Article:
Depending on your interests, you may join more than one professional society so that you represent the work that you do across disciplines and keep informed with the goings-on through their different publications, which might only be available to members.
The memberships that you have should be included on your resume and LinkedIn.com profile (which you should create if you don’t already have one).
Throughout the semester, I will share opportunities with you. Some of these might be writing contests like this one, while others might be events around the city that I think would be beneficial for you to attend. Some might include an extra credit assignment.
Funded by the Chynn Family Foundation
Monday, October 21, 2019
The CUNY Ethics and Morality Essay Contest is funded by an endowment gift of $100,000 to the City University of New York by Dr. K. York Chynn and his wife Noelle Chynn. This annual award is intended to promote and stimulate thinking by college students at CUNY about the topic of ethics, morality, and virtuous behavior in their lives. More than ever, these issues arise not only in the personal relationships of individuals and family and friends, but also in the context of corporate, government, and social responsibility, whether it is about treating others fairly and honestly, or food safety.
The Asian American / Asian Research Institute will award the top three essays, selected by the Selection Committee, the following prizes at its 18th Annual Gala on November 14, 2019:
- Best Essay ($1,000)
- First Runner-up ($300)
- Second Runner-up ($200)
Click here for Submission Form
Fall 2019 Essay Topic: Virtue
Regardless of where one lives, virtues form the moral foundation of one’s life. Throughout history, moral philosophers in all cultures have striven to answer the question of “What characteristics or virtues distinguish the moral man from the immoral one?” In ancient Greek times, the Four Cardinal Virtues were:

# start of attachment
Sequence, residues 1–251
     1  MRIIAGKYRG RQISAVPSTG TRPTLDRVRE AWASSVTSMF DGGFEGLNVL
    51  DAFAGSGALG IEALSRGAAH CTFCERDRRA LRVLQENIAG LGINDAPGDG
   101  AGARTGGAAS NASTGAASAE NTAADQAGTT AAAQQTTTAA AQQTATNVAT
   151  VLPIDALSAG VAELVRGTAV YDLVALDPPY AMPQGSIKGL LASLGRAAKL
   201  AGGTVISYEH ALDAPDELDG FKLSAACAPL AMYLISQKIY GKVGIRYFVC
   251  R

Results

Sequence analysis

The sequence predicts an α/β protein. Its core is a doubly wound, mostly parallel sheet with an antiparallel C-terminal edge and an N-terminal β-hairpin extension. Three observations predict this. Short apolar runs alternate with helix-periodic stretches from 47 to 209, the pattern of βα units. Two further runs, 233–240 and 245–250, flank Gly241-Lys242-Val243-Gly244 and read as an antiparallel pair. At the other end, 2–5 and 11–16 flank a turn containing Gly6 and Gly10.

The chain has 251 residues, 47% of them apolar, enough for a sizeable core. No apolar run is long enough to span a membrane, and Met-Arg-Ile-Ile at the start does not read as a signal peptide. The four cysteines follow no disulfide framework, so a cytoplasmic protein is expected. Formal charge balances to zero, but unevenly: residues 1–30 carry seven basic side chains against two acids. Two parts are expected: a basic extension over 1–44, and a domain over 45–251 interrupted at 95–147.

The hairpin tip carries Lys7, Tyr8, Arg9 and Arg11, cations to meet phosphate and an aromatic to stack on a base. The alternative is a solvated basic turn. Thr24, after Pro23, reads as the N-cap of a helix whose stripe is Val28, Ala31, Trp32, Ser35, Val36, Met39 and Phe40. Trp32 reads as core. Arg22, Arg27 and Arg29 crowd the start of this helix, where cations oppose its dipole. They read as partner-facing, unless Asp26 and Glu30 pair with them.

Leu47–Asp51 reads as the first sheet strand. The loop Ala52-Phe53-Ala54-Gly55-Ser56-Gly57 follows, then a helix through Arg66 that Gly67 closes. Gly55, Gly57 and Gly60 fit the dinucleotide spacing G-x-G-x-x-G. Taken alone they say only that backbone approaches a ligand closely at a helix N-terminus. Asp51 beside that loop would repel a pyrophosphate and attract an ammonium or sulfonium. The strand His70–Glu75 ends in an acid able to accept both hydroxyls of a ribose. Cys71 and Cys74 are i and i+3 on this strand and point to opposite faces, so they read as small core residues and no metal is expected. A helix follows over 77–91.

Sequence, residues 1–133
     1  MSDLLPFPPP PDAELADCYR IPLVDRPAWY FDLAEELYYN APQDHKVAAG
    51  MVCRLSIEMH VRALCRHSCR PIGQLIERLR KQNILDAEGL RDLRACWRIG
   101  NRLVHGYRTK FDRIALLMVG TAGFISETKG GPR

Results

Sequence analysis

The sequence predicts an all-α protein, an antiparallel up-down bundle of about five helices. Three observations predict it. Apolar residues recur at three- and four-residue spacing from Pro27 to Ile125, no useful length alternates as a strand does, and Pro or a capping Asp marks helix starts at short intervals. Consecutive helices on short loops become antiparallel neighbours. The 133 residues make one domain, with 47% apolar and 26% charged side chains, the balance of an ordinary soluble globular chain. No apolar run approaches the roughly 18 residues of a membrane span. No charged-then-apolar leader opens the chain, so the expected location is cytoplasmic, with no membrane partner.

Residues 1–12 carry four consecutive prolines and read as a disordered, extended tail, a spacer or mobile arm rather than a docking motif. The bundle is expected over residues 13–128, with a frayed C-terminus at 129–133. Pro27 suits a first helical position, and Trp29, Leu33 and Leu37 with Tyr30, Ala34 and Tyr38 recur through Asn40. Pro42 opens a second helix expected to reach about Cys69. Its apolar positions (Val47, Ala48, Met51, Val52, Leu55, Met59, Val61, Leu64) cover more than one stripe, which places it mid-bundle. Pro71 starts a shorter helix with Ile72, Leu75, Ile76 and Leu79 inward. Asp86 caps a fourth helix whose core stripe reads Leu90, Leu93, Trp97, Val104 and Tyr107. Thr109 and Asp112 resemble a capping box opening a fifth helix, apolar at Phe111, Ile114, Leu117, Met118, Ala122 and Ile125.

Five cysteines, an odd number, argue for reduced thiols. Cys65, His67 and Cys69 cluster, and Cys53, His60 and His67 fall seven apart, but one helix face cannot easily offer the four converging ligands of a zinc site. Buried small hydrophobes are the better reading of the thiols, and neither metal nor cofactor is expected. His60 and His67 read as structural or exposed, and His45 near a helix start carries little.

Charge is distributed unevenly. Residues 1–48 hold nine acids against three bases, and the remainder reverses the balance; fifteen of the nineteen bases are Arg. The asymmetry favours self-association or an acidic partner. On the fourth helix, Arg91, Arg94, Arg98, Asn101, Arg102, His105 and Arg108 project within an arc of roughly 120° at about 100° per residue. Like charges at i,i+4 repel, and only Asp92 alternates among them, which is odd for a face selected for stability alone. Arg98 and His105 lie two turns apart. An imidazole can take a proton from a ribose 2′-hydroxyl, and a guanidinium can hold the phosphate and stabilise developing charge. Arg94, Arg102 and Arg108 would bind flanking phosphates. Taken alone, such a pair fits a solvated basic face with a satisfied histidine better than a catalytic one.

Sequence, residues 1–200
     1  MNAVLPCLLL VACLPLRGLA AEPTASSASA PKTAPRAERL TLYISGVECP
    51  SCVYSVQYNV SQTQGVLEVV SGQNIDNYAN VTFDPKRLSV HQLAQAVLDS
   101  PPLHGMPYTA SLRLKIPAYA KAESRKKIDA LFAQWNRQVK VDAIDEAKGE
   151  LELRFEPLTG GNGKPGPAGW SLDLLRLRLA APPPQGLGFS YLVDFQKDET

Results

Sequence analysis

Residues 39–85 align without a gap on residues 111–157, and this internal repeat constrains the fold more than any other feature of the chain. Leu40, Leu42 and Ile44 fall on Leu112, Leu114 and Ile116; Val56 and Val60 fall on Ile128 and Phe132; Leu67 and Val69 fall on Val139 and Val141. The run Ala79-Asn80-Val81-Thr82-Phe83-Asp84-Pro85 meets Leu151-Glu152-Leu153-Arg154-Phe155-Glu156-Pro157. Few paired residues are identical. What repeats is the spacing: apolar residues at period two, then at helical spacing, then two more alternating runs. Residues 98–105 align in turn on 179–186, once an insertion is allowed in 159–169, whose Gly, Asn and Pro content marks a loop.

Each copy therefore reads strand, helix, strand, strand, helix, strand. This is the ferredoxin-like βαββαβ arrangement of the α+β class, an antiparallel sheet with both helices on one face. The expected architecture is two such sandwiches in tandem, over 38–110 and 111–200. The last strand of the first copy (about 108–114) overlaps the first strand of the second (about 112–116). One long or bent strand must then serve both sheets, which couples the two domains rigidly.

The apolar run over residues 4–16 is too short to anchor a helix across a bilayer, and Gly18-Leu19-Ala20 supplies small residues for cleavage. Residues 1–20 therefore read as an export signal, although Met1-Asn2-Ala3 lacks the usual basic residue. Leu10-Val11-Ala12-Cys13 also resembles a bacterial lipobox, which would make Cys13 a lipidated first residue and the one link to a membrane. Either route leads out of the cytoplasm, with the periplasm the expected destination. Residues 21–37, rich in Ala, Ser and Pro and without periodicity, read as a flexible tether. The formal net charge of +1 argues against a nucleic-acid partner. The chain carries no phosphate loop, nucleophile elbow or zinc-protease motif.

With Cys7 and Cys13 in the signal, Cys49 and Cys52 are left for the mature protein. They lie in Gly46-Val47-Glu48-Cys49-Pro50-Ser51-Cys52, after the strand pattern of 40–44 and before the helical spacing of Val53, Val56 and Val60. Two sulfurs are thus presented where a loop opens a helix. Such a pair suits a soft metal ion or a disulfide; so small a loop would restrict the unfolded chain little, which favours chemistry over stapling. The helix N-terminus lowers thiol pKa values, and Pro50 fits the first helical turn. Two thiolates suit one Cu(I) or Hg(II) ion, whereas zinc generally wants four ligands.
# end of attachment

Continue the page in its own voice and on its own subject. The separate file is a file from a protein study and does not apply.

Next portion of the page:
There were additionally Three Theological Virtues:
- Together, these comprised the Seven Virtues.
At about the same time in ancient China, Confucius formulated what he called the Five Constant Virtues:
- Ren (Benevolence, Love)
- Yi (Righteousness)
- Li (Propriety, Loyalty, Filial Piety, Chastity, Respect)
- Zhi (Wisdom)
- Xin (Integrity, Honesty, Fidelity)
In today’s modern society however, virtues have slowly begun to lose their importance, or are often forgotten in the daily hustle of people’s daily lives. For example in China, officials recently enacted a new law to foster filial piety among its citizens by compelling adult children to visit their aging parents. Recognizing the importance of virtues in our lives, will lead to better communication, understanding, and acceptance between us and our fellow man.
For your essay, please select one Virtue from the list above to discuss in detail. In discussing the Virtue you have selected, please incorporate all of the following points in your essay:
- Tell us about your own experience in practicing the Virtue you have chosen to write about and what personal reward or satisfaction have you gained from it.
- Why did you think the Virtue that you chose was an important one to practice in your life?
- What obstacles did you encounter in practicing this particular Virtue and how did you, or do you, still strive to overcome the difficulties?
Note: All winning (3) and honorable mention will be posted online for the public to read. If your essay is selected to win a cash prize, it must be posted online or you will forfeit your prize award.
Submission must meet the following requirements:
Applicant must be a currently enrolled CUNY undergraduate or graduate student. Please submit copy of your college ID and current semester program. (No recommendations letters or transcripts are required.)
Cover page containing topic of the essay, name of the student, name of the CUNY college, and date.
Length: 1,000 to 1,500 words
Typed, 12-size Times New Roman font, 1-inch margins, and double-spaced.
Work-cited: Reference all materials that is not your own. Include at least five sources.
All work must be original material. Attribution and references to quoted materials must be included.
No online submissions. Hard copy of essay can be submitted by postal mail
(postmarked by Monday, November 5, 2018, or hand-delivered to AAARI office on Monday, November 5, 2018, by 5PM)see deadline above